On Behalf of The Department of Safety:
The 2020/21 school year has begun for many and is just around the corner for others. NH Homeland Security and Emergency Management has See Something Say Something® materials available for communities and schools.
We all play an important role in maintaining safe communities and preventing terrorism.
If You See Something, Say Something® is a national campaign that raises public awareness of the indicators of terrorism and terrorism-related crime, as well as the importance of reporting suspicious activity to state and local law enforcement.
Through a US Department of Homeland Security grant, NH Homeland Security and Emergency Management has resources and materials available to promote the If you See Something, Say Something® campaign in schools. These materials and resources are available to NH schools at no cost.
Resources include social media imagery, printed posters, talking points, media FAQs, and best practice guides.
Visit the HSEM website or the HSEM Resource Center to learn more.
If you have questions about the If You See Something, Say Something® campaign, please contact the HSEM Community Outreach Office at 603-271-2231 or firstname.lastname@example.org.
The police have been notified by the Brentwood Highway Agent there will be a continuous flow of construction vehicles traveling on Robinson Road to Rowell Road due to bridge construction today. The Highway agent anticipates the bridge will be open in the next month.
The Town of Brentwood Highway agent advised Lake Road will be closed today to Skim Milk Lane & Wendell to Skim Milk Lane is closed due to road work being conducted.
In addition Old Danville Road will be closed today through Kadra Street at the Fremont town line. Road work is being conducted.
Date: Wednesday, April 8, 2020
Contact: Kate Spiner, Director of Communications email@example.com / (603) 573-6103
Brandon H. Garod, Senior Assistant Attorney General
firstname.lastname@example.org / (603) 271-1217
Concord, NH -- Attorney General Gordon J. MacDonald is warning about a wave of COVID-19 related scams surrounding federal stimulus payments. These scams target consumer vulnerability by attempting to capitalize on the anxiety naturally arising from current events.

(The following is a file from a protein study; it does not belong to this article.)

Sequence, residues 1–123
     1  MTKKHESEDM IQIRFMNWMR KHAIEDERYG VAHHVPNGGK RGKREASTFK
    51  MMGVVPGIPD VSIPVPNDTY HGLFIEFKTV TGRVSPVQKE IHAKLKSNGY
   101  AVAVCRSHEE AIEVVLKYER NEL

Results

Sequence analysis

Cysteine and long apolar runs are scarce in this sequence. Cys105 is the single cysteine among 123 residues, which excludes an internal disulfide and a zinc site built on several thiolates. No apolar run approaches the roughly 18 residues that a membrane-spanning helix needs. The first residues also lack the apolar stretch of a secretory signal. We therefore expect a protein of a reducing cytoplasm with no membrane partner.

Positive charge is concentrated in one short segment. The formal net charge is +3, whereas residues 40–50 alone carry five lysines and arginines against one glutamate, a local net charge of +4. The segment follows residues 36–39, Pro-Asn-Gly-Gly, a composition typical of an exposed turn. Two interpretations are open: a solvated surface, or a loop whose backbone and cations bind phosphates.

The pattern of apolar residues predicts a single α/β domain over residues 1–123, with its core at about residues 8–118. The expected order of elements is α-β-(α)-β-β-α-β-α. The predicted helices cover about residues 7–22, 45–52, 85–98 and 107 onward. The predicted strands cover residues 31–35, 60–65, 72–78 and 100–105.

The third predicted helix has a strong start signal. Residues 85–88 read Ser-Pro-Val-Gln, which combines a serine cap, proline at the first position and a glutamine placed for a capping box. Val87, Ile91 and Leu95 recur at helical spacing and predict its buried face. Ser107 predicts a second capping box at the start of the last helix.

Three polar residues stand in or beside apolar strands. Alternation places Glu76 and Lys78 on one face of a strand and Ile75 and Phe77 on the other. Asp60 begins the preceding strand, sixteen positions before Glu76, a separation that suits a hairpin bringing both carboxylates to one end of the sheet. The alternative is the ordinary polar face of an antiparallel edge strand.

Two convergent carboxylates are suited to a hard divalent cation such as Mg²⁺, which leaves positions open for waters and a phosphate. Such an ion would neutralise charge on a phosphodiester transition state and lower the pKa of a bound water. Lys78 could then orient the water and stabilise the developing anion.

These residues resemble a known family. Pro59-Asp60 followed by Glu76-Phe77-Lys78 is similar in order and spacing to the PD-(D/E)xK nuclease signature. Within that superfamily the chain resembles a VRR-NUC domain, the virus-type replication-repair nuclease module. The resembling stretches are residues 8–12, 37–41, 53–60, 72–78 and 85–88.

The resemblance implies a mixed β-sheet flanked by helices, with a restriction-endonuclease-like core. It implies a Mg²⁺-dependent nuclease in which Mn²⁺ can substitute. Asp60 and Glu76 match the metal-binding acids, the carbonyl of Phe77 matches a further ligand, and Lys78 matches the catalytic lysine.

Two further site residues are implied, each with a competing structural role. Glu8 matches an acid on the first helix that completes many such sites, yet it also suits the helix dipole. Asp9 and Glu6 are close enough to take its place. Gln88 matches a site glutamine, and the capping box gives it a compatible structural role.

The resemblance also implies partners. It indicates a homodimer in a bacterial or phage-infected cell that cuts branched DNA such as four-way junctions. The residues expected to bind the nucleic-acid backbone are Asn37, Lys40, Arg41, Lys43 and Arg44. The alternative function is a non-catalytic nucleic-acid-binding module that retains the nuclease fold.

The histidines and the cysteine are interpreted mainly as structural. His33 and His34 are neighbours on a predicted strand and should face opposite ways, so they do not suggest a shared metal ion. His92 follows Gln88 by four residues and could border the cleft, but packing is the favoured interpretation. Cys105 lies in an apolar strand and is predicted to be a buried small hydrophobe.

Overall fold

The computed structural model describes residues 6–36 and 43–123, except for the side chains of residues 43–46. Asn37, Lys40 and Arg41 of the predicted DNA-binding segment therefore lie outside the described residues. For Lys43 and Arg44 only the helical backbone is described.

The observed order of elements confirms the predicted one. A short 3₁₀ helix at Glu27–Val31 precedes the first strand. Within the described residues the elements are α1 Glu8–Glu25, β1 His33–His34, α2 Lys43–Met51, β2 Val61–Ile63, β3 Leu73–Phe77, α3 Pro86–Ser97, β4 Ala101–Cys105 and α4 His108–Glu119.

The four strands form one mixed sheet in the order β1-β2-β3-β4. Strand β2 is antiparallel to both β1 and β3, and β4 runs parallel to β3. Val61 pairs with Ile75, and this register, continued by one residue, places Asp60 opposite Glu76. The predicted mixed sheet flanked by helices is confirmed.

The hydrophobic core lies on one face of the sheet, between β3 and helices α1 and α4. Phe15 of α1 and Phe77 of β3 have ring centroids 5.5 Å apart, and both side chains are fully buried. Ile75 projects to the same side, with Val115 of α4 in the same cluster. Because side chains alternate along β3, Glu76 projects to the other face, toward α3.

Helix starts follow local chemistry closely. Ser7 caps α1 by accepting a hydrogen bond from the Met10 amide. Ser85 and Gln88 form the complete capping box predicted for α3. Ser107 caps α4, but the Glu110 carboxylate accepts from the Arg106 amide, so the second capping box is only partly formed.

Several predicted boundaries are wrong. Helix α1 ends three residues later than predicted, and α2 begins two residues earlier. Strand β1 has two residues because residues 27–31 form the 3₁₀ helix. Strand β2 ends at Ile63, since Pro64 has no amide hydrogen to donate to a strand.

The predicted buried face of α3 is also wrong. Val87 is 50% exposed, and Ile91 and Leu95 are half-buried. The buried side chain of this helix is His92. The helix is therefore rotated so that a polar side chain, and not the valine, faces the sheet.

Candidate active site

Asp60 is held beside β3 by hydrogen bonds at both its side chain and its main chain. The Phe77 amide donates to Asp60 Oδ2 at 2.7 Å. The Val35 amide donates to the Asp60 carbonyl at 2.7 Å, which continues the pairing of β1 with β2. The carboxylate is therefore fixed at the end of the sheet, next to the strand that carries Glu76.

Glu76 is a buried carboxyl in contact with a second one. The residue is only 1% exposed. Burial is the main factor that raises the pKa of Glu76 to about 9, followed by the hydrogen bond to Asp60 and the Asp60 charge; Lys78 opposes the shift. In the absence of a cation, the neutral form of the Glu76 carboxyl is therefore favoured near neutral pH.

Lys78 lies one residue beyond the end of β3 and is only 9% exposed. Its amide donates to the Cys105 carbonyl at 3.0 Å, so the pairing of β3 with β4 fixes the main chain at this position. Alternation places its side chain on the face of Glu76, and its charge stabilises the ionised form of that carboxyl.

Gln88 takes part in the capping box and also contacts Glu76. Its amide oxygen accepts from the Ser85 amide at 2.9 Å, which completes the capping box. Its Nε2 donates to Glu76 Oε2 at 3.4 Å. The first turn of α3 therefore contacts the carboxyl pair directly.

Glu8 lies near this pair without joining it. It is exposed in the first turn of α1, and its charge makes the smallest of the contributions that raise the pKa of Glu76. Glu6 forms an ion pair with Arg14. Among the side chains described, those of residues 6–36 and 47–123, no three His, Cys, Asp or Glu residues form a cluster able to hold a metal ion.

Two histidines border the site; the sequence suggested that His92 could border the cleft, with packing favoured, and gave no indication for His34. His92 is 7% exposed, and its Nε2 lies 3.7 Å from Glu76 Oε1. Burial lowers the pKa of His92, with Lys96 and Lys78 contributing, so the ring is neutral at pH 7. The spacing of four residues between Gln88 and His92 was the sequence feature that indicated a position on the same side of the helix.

The public should always be vigilant with respect to potential scams. However, during these challenging times, heightened awareness is essential. The Attorney General urges the public to use common sense and caution to protect against scammers.
Stimulus Payment Scams
The United States Congress recently passed a large COVID-19 relief and stimulus package that promises to provide financial relief to many Americans. Scammers have recently attempted to use the promise and anticipation of stimulus payments to acquire personal identifying information [PII] from unsuspecting victims.
In a recent example of how scammers are trying to use the anticipation of stimulus payments to collect PII, emails that appeared to be from the United States Treasury Department were sent by scammers claiming that the recipient was selected as one of the first to receive a stimulus payment. The phony email requested that the recipient provide PII including phone number, date of birth and profession in order to receive a stimulus payment.
What you should know:
The Internal Revenue Service recently released guidance informing the public that most people do not need to take any action in order to receive stimulus payments.
Government agencies are NOT sending out emails asking for personal information in order to receive funds or other pandemic relief opportunities.
How to protect yourself:
Any request via a phone call, text message or email for personal identifying information, or any other information as a prerequisite for receiving a stimulus payment should be heavily scrutinized.
Do not engage with callers or emails from unrecognized sources.
Do your homework, ask questions and use the IRS website for accurate information:
New Hampshire people who receive requests for information in exchange for a stimulus
payment should contact the Consumer Protection and Antitrust Bureau of the Attorney
For up-to-date information about the COVID-19 outbreak in New Hampshire visit: